Amplification can be added either to the RF signal before demodulation, or to the AF signal afterwards, or more usually both. If stages of amplification are added before, then additional tuned circuits can be added before, between and after the stages to improve selectivity. A difficulty arises, though, in that all the tuned circuits must track one another closely as you turn the tuning knob, making it increasingly difficult to design a radio with more than 2 or 3 separate tuned circuits.


Two different frequencies creating beats.

The vast majority of AM and FM radios follow the superhet design, which overcomes the problem of needing to make multiple tuned circuits track one another.

If two different frequencies are combined, sometimes they will be in step and reinforce each other and at other times they will be out of step and cancel, as shown in the diagram. So if for example two musical instruments are playing together, one at 440Hz and the other at 441Hz, once per second they will be in phase, and in between they will gradually go out of phase before coming back in phase again, like two people walking side by side with one taking slightly longer paces than the other. So you will hear the two notes "beating" against one another with a beat frequency of 1Hz, which is the difference between the two frequencies.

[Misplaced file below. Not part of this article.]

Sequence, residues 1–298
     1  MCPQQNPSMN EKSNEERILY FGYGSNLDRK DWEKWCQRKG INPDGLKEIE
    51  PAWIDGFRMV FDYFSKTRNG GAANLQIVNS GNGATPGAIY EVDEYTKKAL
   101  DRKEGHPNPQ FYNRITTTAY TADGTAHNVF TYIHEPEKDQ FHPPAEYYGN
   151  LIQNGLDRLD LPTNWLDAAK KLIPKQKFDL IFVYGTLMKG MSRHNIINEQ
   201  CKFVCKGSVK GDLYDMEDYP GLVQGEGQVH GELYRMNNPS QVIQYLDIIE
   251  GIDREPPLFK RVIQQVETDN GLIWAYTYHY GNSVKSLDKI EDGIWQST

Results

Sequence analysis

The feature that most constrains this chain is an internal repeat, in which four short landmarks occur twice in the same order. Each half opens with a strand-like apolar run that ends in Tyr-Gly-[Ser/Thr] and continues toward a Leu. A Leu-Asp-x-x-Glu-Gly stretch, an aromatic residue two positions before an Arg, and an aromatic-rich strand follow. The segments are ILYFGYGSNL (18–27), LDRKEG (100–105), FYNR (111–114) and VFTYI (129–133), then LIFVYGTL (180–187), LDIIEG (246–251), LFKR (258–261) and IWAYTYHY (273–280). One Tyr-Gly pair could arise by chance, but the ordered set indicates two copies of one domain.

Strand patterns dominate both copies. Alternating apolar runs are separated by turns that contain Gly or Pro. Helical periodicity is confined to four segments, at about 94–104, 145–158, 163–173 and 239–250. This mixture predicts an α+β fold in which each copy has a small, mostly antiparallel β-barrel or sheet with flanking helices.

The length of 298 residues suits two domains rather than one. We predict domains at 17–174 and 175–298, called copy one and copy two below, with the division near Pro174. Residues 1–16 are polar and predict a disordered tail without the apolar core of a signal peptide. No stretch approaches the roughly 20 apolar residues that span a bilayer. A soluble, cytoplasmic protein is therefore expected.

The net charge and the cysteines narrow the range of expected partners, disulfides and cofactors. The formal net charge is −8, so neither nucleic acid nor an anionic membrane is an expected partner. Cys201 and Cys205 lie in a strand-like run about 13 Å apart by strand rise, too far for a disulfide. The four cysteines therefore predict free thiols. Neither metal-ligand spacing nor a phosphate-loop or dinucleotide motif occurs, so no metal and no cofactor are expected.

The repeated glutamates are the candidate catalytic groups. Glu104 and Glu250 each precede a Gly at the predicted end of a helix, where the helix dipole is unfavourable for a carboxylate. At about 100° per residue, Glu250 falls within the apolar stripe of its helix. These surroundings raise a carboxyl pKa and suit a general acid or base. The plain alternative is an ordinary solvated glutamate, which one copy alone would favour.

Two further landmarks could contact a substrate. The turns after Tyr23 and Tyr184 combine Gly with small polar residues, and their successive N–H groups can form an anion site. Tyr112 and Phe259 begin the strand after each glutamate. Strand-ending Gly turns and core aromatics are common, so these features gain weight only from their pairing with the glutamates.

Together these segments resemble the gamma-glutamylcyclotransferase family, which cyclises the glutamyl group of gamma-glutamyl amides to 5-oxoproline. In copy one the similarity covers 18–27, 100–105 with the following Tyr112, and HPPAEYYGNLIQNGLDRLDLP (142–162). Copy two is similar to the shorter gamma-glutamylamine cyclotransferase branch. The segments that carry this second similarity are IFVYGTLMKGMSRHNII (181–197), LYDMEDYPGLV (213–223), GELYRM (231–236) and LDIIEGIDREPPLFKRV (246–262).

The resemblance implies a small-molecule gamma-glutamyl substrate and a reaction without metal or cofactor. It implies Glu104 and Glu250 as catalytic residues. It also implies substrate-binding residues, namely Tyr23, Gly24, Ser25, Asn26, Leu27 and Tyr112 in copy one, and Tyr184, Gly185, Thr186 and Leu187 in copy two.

The effect is also known as a heterodyne. A superhet receiver (it should really be called an ultrahet, but never is) relies on creating an ultrasonic heterodyne between the incoming RF signal and another signal of different frequency generated within the receiver.

Block diagram of a superhet receiver.

A local oscillator produces a signal which can be tuned to a frequency which differs from the frequency of the station you want to receive by typically (for AM) 455kHz. A "mixer" combines this with the desired signal to produce a beat frequency of 455kHz. This can then be amplified and tuned by as many tuned circuits as the designer wants, each tuned to a fixed frequency of 455kHz. As a result any station can be tuned by converting its frequency in this way to 455kHz, known as the Intermediate Frequency or IF, since it comes between the RF and the AF. Neat!

In the case of an FM receiver the RF is much higher frequency so an IF of 10.7MHz is normally used. An AM/FM receiver has both 455KHz and 10.7KHz tuned circuits in its IF stages, allowing it to work equally well for both bands.